The second duty is to actively love others (1 Jn 4:19-21; also 7, 11, 21). John goes on to explain in v. 18 that the one who fears is not perfected in love. The reason that they still fear is that love has not taken root and begun to bloom in their life. They are not actively loving others.
Recall that we’ve learned that fearing people becomes idolatry because we need them. Ed Welch summarizes the right attitude toward people this way, “The task God sets for us is to need them less and love them more” (When People Are Big And God Is Small, p. 19). Of course, we’re talking about biblical love which is not merely an emotion. Biblical love is a heart attitude that engages in action through giving and serving to meet real, biblically defined needs.
We need to be careful here though. Modern Christian writers have adopted Maslow’s hierarchy of needs and sprinkled in Bible verses to make it sound biblical. They baptize pop psychology using Bible words. What they do is flip biblical teaching upside down but do so in a way that it sounds OK. We are told to think, “my deepest need is for you to love me.” Almost sounds biblical, doesn’t it? But that is a man-centered need and not a real biblical need.
The Biblical version is in 1 Jn 4:7, 11, 21 [read]. The pop psychology version is upside down. It teaches us to think, “I need you to love me,” meaning “I cannot be happy unless you love me.” That simply isn’t true. You should be happy in Jesus whether I love you or not. If you don’t believe me, meditate on the Beatitudes. There you will find Jesus’ people being happy in the most unloving situations. The biblical version that we just read, which is right-side-up thinking, says, “I have a duty before God to love you.” Let’s try to work this out a bit so you’ll see what I’m saying.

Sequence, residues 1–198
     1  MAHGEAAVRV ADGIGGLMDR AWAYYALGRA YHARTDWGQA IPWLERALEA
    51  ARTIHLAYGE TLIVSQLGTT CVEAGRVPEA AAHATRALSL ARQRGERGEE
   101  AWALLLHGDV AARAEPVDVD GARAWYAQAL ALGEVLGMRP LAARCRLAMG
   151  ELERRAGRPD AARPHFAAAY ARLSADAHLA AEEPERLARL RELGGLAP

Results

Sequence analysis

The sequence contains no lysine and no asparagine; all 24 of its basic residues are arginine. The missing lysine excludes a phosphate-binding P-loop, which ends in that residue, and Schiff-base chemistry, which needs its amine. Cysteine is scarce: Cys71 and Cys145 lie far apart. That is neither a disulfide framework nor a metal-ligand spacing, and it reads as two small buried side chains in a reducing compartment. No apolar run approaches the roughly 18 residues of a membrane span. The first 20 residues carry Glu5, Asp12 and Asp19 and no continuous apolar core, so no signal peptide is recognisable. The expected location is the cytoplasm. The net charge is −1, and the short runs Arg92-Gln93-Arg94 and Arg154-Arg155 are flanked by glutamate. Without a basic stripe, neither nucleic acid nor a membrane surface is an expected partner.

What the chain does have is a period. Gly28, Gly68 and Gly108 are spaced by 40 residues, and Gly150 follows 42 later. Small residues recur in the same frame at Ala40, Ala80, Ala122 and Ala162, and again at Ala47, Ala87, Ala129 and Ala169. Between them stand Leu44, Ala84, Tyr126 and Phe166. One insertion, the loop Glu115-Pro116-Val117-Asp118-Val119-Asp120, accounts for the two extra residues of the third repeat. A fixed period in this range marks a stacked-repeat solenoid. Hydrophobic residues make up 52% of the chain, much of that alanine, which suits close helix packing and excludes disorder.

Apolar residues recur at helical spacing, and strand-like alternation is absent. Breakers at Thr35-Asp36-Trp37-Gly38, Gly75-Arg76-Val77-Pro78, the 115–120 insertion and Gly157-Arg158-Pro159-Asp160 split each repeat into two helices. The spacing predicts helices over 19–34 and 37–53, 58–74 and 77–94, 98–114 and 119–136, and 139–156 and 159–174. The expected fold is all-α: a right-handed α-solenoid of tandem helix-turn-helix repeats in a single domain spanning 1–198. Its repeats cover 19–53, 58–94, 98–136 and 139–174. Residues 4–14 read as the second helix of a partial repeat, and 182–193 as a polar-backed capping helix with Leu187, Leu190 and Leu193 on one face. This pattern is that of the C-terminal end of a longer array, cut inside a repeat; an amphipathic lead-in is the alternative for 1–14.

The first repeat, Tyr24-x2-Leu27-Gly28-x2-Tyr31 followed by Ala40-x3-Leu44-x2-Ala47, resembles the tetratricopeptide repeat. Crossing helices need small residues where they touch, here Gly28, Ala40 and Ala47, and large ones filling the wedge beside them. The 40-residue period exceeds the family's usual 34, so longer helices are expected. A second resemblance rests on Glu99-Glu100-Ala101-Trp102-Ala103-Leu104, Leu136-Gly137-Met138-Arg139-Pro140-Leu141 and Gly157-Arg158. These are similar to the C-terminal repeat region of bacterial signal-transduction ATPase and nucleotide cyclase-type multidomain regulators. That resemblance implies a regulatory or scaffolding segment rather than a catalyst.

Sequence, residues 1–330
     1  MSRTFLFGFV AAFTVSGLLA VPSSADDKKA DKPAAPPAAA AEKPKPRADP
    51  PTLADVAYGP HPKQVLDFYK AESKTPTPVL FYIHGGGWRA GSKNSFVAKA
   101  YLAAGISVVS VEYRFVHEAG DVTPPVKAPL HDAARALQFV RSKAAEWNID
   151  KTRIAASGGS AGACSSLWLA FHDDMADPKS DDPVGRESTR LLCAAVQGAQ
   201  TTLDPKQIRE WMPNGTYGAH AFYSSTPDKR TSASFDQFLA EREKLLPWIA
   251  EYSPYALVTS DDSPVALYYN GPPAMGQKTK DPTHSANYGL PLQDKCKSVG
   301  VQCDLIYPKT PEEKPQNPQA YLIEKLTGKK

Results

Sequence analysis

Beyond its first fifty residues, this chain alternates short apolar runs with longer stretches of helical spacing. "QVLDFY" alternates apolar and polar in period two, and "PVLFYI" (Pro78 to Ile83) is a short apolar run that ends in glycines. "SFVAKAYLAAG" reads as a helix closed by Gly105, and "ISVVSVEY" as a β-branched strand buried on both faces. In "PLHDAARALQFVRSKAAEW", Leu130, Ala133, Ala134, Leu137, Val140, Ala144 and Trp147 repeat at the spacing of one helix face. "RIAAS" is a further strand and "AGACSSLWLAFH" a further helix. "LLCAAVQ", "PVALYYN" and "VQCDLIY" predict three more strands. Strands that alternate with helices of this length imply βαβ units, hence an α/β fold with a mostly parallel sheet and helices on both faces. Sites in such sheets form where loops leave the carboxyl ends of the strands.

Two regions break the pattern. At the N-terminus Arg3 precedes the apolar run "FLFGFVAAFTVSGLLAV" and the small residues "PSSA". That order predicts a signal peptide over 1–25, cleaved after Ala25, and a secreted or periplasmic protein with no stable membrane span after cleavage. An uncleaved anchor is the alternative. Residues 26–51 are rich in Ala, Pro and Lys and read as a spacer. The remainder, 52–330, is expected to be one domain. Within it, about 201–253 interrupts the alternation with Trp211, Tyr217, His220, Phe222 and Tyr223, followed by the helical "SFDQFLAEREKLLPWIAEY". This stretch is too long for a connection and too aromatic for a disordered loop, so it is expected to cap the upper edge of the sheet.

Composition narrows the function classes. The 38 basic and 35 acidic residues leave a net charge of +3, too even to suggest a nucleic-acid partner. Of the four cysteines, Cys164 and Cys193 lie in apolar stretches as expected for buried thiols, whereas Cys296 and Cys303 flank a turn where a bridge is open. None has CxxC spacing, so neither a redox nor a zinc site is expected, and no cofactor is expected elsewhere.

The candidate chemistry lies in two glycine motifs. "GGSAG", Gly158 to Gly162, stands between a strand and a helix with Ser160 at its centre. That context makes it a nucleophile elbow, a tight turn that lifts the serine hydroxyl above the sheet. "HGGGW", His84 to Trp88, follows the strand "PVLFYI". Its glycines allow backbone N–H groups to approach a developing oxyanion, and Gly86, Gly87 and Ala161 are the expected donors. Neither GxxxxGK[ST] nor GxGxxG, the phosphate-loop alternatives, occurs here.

If you have a material need, it is appropriate for you to approach the deacons with it. However, it wouldn’t be appropriate for you to think, “I can’t be happy unless my needs are met”. God may ordain for you to remain in an impoverished state. So you would be saying that you cannot be happy in a situation God has ordained for you.
This is bondage vs. freedom. Can you see bondage in this statement: “I need you to love me”? If I believe that, I have handed you the control of my happiness. I will be unhappy if you choose not to love me. Do you see how that thinking enslaves us? Now see if you can spot the freedom in this statement: “I am commanded to show you God’s love”. Do you see the freedom? I don’t have to worry about whether you will like me, think well of me or do something for me. My only duty is to show you love. It is not even dependent upon whether you receive it.